Additionally, when plots have been worked for year after year, conscientious gardeners have amended the soil with their own compost and natural products, improving the soil for their own gardens. Gardeners who come next benefit years after. 


You don't have to pay for a home garden, other than supplies. 

Community gardens usually charge a fee to cover basic operating costs. Usually it's a reasonable fee. You will also have supply costs for your community garden plot. 


It's not clear whether a home or community garden is better in avoiding pests. Which pests plague a garden is very specific to the location and the types of crops that are grown.

At home, you may be able to use techniques that you can't do at a community garden, such as planting trap crops far from your "real crops" to lure the pests away.

In the community garden, other gardeners who have planted there for years will be able to help a new gardener anticipate the common pests that show up year after year. They will probably know strategies to combat the pests. This would save the new gardener the disappointment of a crop destroyed by unknown pests. 

Social Benefits

The home garden is private and you can care for it any way you want to. You can design it any way you want to. You can let it grow outside the bounds of the garden.

If you get tired of it, you can let it go wild, or pull it all out. 

If you go away for a while, you will have to arrange for someone to tend it while you are gone, which may be difficult.

At a community garden, there are garden rules to follow, including rules on how much you must tend your plot. You must be mindful of your fellow plot-holders and make sure your garden doesn't encroach or interfere with your neighbors' plots.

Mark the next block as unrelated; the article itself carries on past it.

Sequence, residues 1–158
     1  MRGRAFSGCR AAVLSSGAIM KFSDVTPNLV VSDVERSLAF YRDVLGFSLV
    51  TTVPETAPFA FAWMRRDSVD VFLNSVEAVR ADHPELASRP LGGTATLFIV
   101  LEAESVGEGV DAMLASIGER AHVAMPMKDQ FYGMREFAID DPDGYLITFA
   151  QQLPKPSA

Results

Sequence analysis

You may have to contribute to the care of the entire garden with volunteer hours. You may have to donate some of your harvest or tend a community plot (e.g. a plot from which anyone can harvest.)

At the community garden, you can collaborate with other like-minded gardeners. You can strike up friendships, and there are other gardeners readily available to tend your plot while you are out of town. 

Neither home gardens nor community gardens are clearly superior in the social aspect. They are very different ways to garden with pro's and con's for each.

So what do you think?

Even if you have a backyard, it may not be an optimal location for a vegetable garden. If you want to grow your own vegetables, the community garden offers unique benefits. You can be more successful gardening in a community garden plot than at your home. 

I think community gardens are a wonderful place to grow, even though I have my own yard. I grow specific crops at home, but I could never have as much success in my back yard as I do in the community garden plot. There is not enough sunlight in a large enough space. 

Why not look into community gardens in your home town? 

Other articles from Till and Trowel: specifically about community gardens and their benefits:


50% Complete

Two Step

Lorem ipsum dolor sit amet, consectetur adipiscing elit, sed do eiusmod tempor incididunt ut labore et dolore magna aliqua.